mansuetude n. meekness; gentleness
Mary, the mother of God, has always had a special, quiet existence in my life. She is a constant, graceful reminder to me of meekness and gentleness and has marked my life from childhood to this day.
I remember going to my grandmother’s house while my mother was ill and my father working. Being an Italian immigrant, she had several religious statues around the house, including a fully dressed infant of Prague who had it’s own wardrobe. Next to the prized infant was a stark painted statue of Mary as well as Saint Theresa. I remember having to sleep in my grandmother’s bed when I stayed over. She snored so loudly and I was up for most of the night imagining that her wheezing and snorting had a rhythmic beat. During those nights I would stare at Mary and she would stare back at me until I feel asleep.
In school, we would prepare for the crowning of Mary with flowers each May. All of the names of the little girls in class would go into a hat to see who would be chosen to walk up the aisle and crown the church statue during our First Friday mass. There was even a song we would sing – “Oh Mary we crown thee with blossoms today…” that I still remember fondly. I never was chosen to crown Mary, but it was always my favorite mass. Mary was my icon of quiet strength and mansuetude as she held up her hands, looked up to heaven and stepped on the snake with such beauty and gentleness.
As I grew older, Mary took on more profound meaning in my life. During one of my sleepless nights when caring for my dying father I remember seeing a water stain on the ceiling above his bed that had a shape like the silhouette of the Virgin Mary. I hadn’t noticed it before and it comforted me to think that she was watching over my father. As he progressed through the final stages of dying, he would speak to invisible people and one of them was named Mary. He could have been seeing his mother who was named Mary and had died when he was just a child. Nevertheless, in my memories it is was Mary who watched over and protected him; who held him in her arms as he died. It was her song – Ave Maria – that was played at his funeral that I cannot hear without crying and remembering the loss of my father.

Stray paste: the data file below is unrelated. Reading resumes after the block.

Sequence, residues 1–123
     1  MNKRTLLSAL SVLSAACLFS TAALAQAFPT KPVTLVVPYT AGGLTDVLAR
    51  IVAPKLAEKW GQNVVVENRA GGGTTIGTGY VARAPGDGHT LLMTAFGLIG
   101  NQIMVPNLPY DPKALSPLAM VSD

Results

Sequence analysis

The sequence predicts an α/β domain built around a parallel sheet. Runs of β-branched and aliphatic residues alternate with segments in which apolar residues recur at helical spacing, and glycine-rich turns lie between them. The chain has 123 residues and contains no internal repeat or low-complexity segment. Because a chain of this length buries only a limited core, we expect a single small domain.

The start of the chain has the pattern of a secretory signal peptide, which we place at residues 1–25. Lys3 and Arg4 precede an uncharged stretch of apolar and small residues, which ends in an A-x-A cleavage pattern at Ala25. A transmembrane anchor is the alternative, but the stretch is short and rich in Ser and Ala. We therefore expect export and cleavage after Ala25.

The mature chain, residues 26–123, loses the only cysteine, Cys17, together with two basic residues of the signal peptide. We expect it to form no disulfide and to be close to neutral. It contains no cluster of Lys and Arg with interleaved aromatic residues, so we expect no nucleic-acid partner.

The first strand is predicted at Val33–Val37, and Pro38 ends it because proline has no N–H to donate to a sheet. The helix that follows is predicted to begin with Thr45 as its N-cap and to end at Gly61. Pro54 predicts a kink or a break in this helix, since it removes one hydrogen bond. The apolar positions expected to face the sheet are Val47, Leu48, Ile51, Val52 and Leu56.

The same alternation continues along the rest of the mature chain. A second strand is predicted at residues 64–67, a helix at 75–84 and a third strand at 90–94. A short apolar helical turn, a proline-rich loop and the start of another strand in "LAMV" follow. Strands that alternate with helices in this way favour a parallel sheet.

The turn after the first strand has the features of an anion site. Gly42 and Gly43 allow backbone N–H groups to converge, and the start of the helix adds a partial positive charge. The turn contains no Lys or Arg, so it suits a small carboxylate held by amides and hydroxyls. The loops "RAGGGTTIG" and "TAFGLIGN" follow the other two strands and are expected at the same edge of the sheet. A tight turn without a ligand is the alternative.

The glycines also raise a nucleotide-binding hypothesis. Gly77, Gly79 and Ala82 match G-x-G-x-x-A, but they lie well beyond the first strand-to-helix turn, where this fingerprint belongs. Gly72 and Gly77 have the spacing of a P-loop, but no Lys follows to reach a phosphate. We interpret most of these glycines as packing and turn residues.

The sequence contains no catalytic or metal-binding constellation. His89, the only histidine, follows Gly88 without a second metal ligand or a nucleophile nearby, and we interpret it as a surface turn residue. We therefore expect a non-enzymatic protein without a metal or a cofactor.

Mary is who I pray to when I am most scared and alone. When the plane is taking off or I am in fear of losing someone I love. She is the saint that I imagine quietly standing in my corner through out my life. She watches over me without pomp or circumstance, never asking for anything but my faith in return. As Mother’s Day approaches and I watch my son grow and thrive each day, I pray to become an example of gentleness and meekness in his life…the eyes he can stare into as he drifts to sleep, the arms that will hold him in times of pain and sorrow. Always silently, gently in his corner as his mother.